Arturo Andrade goes about this investigation with great care. At first it looks las if the victim was a pro-Soviet agent, later when there are further murders a possible lead points towards freemasons.

There is a longer sequence towards the end of the movie which is reminiscent of the Deer Hunter Russian Roulette scene, only this one here is even more chilling. I wonder if this is truth or fiction. Did they really play Russian Roulette to the extent it’s shown here?

I liked the mood and the atmosphere of this beautifully filmed movie. It has a lot of great scenes. I enjoyed the characters and the story as well and I’m glad it made me aware of the Spanish participation in WWII. I think this is fascinating material and well-worth a “proper” war movie. I’m afraid though that not many Spanish film makers would want to portray the División Azul. After all they were falangists and, as it seems, quite heroic. Depicting their heroism could be interpreted as pro-Franco, I guess.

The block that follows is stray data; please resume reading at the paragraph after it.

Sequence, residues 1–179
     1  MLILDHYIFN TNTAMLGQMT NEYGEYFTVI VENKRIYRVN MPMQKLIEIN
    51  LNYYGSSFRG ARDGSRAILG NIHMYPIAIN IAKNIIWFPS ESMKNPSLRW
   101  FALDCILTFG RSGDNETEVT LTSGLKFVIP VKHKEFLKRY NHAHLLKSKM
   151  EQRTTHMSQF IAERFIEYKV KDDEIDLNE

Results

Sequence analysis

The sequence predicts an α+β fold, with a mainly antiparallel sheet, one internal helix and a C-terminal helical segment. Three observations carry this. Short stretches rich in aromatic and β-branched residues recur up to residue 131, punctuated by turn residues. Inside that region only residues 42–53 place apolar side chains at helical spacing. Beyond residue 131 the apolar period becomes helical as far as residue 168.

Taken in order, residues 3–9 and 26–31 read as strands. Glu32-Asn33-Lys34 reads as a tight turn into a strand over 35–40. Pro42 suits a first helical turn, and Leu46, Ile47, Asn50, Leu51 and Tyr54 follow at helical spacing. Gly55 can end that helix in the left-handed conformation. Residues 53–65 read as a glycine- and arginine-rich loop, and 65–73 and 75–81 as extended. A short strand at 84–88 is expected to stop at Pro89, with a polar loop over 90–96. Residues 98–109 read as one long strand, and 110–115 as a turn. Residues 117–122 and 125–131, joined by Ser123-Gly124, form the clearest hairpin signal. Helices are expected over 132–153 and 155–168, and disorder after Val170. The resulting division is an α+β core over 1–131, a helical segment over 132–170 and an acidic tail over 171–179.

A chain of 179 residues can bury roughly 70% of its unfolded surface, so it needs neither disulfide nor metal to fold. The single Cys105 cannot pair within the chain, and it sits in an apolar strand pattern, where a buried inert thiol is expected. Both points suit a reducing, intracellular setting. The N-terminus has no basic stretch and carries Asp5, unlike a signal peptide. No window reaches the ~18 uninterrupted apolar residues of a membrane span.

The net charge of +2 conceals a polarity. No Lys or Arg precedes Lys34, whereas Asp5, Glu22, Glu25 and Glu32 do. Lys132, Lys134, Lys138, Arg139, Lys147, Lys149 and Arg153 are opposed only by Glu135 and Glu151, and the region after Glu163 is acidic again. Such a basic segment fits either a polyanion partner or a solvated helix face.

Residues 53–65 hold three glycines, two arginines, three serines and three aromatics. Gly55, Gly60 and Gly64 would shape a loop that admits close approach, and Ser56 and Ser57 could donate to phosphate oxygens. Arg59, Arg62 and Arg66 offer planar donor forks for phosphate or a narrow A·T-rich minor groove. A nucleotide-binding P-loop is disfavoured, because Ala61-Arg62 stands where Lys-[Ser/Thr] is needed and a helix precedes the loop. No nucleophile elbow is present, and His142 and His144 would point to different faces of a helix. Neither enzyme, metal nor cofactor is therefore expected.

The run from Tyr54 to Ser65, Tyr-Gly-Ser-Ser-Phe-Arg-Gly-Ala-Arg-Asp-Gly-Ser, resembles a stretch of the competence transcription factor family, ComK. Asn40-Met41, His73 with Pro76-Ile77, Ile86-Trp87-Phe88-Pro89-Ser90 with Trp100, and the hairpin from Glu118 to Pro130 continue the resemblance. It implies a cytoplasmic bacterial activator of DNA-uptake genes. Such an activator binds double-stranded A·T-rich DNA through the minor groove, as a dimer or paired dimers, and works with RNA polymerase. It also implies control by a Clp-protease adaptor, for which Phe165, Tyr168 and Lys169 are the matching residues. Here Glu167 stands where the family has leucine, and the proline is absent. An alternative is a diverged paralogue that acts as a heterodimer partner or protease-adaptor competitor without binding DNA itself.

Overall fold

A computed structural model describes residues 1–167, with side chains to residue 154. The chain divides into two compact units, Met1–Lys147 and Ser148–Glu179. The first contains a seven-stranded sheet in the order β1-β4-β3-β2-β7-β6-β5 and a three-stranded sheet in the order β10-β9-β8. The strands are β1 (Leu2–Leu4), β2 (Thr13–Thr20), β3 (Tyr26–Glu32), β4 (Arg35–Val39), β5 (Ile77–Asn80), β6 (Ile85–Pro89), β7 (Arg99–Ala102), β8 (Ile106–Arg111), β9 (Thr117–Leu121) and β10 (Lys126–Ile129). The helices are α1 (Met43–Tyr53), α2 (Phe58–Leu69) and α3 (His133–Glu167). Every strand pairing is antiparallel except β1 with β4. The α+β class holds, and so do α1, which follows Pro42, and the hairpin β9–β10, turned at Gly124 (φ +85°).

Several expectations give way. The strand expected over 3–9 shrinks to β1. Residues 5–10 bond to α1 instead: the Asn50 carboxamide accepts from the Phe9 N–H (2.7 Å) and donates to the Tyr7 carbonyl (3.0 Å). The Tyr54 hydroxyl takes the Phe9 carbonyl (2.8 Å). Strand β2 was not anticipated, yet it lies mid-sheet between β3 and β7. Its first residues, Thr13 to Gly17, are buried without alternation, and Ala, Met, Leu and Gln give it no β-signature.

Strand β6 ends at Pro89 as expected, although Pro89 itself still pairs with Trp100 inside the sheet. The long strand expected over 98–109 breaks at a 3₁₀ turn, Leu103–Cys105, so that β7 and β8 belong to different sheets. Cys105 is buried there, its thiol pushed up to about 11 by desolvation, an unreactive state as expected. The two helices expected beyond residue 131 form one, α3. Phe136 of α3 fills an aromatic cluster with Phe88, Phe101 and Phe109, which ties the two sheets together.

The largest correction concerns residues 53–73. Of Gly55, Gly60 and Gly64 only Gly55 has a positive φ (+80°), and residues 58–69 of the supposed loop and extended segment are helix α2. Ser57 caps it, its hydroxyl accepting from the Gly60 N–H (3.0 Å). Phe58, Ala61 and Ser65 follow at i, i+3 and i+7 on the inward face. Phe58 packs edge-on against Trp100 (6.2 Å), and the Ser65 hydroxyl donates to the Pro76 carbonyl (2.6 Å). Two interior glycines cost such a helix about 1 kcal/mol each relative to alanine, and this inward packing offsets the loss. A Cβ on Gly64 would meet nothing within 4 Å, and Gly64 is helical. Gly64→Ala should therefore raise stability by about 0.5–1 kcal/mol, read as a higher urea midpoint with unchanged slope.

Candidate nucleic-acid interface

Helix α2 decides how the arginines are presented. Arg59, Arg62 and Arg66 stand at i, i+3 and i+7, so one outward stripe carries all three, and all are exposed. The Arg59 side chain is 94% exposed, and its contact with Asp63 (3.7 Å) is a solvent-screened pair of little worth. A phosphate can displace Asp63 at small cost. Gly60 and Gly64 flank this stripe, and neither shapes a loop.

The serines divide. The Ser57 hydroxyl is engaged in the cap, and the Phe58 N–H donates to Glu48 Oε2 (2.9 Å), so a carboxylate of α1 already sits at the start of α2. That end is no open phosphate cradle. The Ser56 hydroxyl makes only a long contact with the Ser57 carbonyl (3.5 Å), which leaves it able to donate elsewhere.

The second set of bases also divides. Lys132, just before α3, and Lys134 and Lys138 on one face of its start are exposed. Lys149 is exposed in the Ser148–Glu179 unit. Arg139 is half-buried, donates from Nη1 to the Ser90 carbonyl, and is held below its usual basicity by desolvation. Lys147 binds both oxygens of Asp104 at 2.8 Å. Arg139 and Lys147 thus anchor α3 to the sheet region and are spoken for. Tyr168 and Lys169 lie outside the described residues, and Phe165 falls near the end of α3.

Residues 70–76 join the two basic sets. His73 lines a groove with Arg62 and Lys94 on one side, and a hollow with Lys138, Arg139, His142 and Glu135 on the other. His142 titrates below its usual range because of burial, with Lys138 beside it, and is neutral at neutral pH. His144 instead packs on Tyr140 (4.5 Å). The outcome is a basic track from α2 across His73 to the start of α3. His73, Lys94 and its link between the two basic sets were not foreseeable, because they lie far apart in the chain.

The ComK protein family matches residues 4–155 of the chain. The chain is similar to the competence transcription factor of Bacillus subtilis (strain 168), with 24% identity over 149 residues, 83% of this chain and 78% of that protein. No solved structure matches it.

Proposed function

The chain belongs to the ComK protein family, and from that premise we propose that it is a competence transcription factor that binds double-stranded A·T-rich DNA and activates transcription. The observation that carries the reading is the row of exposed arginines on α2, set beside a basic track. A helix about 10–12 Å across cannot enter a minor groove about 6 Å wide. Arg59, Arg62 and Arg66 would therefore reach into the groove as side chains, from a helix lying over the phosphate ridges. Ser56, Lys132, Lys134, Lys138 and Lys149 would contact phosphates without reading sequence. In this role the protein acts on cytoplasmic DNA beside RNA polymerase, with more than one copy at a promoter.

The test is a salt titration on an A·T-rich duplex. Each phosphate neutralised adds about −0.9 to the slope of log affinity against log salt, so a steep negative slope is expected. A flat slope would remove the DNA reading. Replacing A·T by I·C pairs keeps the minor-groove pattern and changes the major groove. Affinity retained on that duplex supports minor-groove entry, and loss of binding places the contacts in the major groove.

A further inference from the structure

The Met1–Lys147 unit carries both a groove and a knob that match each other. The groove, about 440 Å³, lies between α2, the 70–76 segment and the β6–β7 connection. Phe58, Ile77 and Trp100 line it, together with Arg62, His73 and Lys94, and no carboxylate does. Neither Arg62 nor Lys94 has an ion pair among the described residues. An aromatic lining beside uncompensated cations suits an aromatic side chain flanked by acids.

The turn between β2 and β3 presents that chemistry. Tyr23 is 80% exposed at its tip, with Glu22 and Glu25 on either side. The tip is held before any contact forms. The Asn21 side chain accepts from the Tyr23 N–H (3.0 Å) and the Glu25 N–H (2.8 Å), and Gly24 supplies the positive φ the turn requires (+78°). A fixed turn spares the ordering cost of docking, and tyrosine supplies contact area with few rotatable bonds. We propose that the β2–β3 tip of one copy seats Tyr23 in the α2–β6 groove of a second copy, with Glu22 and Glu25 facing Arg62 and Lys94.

The movie is based on a novely by Ignacio del Valle.

I found the Spanish trailer but none with subtitles and another trailer below in which nobody talks.

Colditz (2005) British TV Miniseries

Colditz

Often when you expect nothing you’re in for a pleasant surprise. I’d read a few reviews that were critical of the 2005 miniseries Colditz and I expected it to be quite bad but must honestly say, I enjoyed it. Although, truth be told, for the wrong reasons. While the title may give the impression this is a POW series, that’s not the case, the POW part is only one story line. The other is clearly a romance. While the POW part didn’t work all that well, I liked the romance, or rather the tragedy.